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Exercise Raises Growth Hormone Levels

Entrepreneurs claim that growth hormone (GH) levels decrease with age, and that their products will help you combat the effects of this process. It is true that GH levels drop as a person ages, but there is no evidence whatever that lack of GH causes aging or that taking GH slows aging, and the evidence that GH grows muscle and gets rid of fat is highly controversial. Furthermore, it is against the law to sell GH without a prescription, so these products do not contain any GH.

Products that are sold as "GH releasers" are just amino acids, the building blocks of protein, that are the same as the protein you get in your food. Anything that you eat can be called a GH releaser because all foods raise blood levels of GH temporarily. When you eat protein, blood levels of GH rise even higher. GH releaser pills cost much more than food and have not been shown to raise blood levels better than the ordinary foods you eat every day.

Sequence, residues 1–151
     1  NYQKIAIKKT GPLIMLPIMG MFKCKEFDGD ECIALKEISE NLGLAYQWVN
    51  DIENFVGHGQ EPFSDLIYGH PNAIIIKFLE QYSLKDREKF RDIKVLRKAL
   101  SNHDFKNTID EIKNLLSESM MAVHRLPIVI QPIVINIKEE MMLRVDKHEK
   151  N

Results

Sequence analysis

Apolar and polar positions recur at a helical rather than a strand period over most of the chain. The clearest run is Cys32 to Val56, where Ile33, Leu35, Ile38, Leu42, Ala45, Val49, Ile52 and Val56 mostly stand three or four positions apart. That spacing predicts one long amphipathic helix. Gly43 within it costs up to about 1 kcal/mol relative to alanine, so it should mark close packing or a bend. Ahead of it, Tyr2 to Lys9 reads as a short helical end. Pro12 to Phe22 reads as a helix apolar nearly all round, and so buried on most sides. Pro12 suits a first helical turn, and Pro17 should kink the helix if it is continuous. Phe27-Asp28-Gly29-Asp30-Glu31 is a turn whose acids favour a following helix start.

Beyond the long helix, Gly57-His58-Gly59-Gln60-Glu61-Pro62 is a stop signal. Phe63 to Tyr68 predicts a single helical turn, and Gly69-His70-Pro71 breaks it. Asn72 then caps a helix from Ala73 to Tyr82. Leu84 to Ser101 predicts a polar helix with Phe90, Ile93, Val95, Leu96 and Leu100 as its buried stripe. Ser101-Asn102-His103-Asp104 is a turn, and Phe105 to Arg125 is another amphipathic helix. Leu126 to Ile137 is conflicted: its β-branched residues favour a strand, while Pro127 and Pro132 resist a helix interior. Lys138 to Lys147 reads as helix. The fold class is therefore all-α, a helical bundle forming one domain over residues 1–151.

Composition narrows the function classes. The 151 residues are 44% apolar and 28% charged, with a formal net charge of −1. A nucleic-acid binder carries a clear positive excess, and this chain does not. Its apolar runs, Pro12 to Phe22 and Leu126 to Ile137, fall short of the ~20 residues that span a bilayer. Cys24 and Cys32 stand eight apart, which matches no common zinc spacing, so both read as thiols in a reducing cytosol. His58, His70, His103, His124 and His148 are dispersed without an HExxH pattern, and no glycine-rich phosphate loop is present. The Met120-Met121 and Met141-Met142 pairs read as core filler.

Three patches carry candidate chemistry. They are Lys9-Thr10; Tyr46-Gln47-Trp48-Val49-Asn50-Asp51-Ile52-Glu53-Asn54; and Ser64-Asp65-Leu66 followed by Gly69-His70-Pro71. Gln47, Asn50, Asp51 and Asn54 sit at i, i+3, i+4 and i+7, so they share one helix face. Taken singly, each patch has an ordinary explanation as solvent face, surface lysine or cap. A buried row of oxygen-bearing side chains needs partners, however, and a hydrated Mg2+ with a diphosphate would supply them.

Exercise can also be called a GH releaser because every time that you exercise, blood levels of GH rise. Exercise raises GH levels more than and longer than eating does. Recent research shows that GH levels are lowered by having lots of fat stored in your belly. However, no one knows whether these GH manipulations have any effect on the aging process since we have no dependable tests for aging. The commonly used tests to measure aging actually measure fitness. To reduce the effects of aging and improve your performance on all medical tests of aging, start an exercise program. If you want to gain muscle and lose fat, reduce your intake of refined carbohydrates and fatty foods; eat plenty of the foods that come from plants (fruits, vegetables, whole grains, beans and other seeds); and maintain a regular, vigorous exercise program.

Note: if you are reading this e-Zine issue online, the Google adsense program probably has placed ads for GH releaser products (in the ad box at the bottom of the page.) Please note that we do not endorse any products in the Google ads and do not control which ones get placed. You may want to take a look at their claims; the same claims could be made for any food source of protein.